If something can be said to be more American than apple pie, it’s probably blue jeans. Unfortunately, the trademark denim blue color has become dependent upon toxic chemical processes. Natural indigo, the original plant source of that famous blue jean color, has been almost entirely forgotten in the textile supply chain. Stony Creek Colors, our latest investment, is working to bring back natural, American-made indigo dyes and give farmers needed opportunities to grow new, sustainable crops.
Lisa Curtis first encountered moringa as a Peace Corps volunteer in Niger when a local woman suggested she eat the tree’s leaves to combat fatigue caused by her vegetarian diet. Soon she felt better and became an advocate for the nutritional power of moringa, a drought-tolerant tree that has provided food around the world for thousands of years. Read how Curtis’ company Kuli Kuli, our latest investment, is creating an market for moringa to improve nutrition and livelihoods of women farmers in the developing world.
The problem is clear: Two of the top three expenses for most Americans are food and fuel, even despite today’s lower gas prices. Our current food and fuel systems are tightly interconnected and unsustainable. Sustainable America’s mission is to tackle these issues by helping to reduce America’s oil consumption by 50 percent and increase food availability by 50 percent over the next two decades. Here are a few highlights of our organization’s accomplishments and milestones that made a difference in 2014.
We’re excited about the four investments we made in 2014, and hope that over time, these companies contribute to improving life for all of us. In keeping with our overall mission, our investments were made in companies that seek to reduce oil used in transportation, repurpose food waste and strengthen local agriculture. Here’s a rundown of these four sustainable startups poised for growth.
A road trip to Oregon farmland crystalized a new business idea for partners Craig Wichner and Jason Bradford. “It was very clear farmland was a great asset and that it was basically being underutilized,” says Wichner, “that growing monocrops was operationally efficient, but it was the worst way to get returns from farmland itself.” With investment and the use of sustainable agriculture templates, they developed Farmland LP, a system of livestock, vegetable and grain rotations that could both reclaim land for organic farming and turn a profit.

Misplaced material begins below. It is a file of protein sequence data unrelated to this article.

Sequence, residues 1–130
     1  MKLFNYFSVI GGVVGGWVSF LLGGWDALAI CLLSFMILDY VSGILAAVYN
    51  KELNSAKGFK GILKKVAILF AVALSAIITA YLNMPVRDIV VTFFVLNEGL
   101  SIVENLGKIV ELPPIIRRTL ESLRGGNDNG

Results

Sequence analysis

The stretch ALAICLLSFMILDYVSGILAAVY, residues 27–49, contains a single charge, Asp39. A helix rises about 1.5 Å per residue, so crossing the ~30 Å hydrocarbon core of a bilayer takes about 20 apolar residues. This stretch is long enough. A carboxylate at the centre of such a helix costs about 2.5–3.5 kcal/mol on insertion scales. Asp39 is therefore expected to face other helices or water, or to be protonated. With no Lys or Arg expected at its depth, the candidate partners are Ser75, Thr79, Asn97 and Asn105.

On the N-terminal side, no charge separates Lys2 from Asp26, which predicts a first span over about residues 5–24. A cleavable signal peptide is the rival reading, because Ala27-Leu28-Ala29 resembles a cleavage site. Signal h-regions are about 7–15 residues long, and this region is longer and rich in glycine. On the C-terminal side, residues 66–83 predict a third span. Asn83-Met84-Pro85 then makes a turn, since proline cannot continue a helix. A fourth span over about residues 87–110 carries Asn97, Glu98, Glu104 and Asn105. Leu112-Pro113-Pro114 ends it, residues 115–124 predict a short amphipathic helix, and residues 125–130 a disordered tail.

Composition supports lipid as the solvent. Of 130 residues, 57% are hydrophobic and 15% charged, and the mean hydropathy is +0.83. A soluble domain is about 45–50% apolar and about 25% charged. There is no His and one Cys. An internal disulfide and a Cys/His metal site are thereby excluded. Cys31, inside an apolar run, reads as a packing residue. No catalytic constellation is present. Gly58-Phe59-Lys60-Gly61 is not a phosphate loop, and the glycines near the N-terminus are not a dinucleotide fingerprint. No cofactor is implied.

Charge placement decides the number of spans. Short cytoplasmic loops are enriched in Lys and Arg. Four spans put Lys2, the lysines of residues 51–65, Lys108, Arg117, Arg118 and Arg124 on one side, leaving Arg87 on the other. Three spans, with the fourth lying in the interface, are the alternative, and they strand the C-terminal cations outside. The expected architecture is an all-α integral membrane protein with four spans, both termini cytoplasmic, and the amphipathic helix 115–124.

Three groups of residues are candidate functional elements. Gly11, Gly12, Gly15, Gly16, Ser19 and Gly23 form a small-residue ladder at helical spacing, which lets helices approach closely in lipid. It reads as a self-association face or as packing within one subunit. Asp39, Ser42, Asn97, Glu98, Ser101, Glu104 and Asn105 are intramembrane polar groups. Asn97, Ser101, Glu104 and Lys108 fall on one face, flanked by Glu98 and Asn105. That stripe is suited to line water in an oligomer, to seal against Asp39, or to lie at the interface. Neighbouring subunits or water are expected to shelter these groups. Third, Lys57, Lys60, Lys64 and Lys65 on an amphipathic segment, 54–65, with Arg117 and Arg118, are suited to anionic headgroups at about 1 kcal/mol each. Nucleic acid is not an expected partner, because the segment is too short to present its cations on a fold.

XL Hybrids converts existing gas-fueled commercial vehicles like cargo vans, shuttle buses and delivery trucks into hybrids. It’s a solution that can increase an entire vehicle fleet’s fuel efficiency by 20 percent, and that’s gotten the attention of companies like FedEx and Coca-Cola. The Boston-based company has gotten our attention, too. We’re excited to announce that XL Hybrids is the latest business that Sustainable America is investing in as part of our overall goal to reduce our nation’s oil consumption by 50 percent over the next two decades.
A large segment of the driving population in the United States has to idle to do their jobs properly: truckers. How can we reduce the fuel that gets wasted to refrigerate their trucks and keep their cabs warm in winter? Fortunately, there are smart and dedicated entrepreneurs out there trying to solve this problem through technology. We’re proud to announce that we’ve just made an investment in one of these companies: eNow, Inc., a Rhode Island-based clean technology company that integrates thin-film solar panels and auxiliary power management systems into long-haul and delivery trucks, reducing the need for those trucks to idle their engines to power auxiliary functions.
If you’ve been keeping up with Sustainable America, you know that we believe in the power of entrepreneurs and markets to effect positive change, and that we make early-stage investments to help spur the development of sustainable food and fuel businesses. Local and sustainable agriculture is one of our focus areas, and we’ve made a small investment in the Conservation Capital Fund that we’re excited about.
If you’ve been keeping up with Sustainable America, you know that we’re on a mission to divert food waste from landfills and repurpose it into sustainable, value-added products like compost. We’re happy to report that we’ve closed our first compost-related investment in an exciting young company that does just that: EcoScraps. The Utah-based business collects fruit and vegetable scraps from grocery stores and wholesale produce providers and turns it into nutrient-rich, organic garden products like compost, potting mix and natural fertilizer. The EcoScraps line is sold in some of the same stores that supply the scraps, creating a tidy, full-circle process.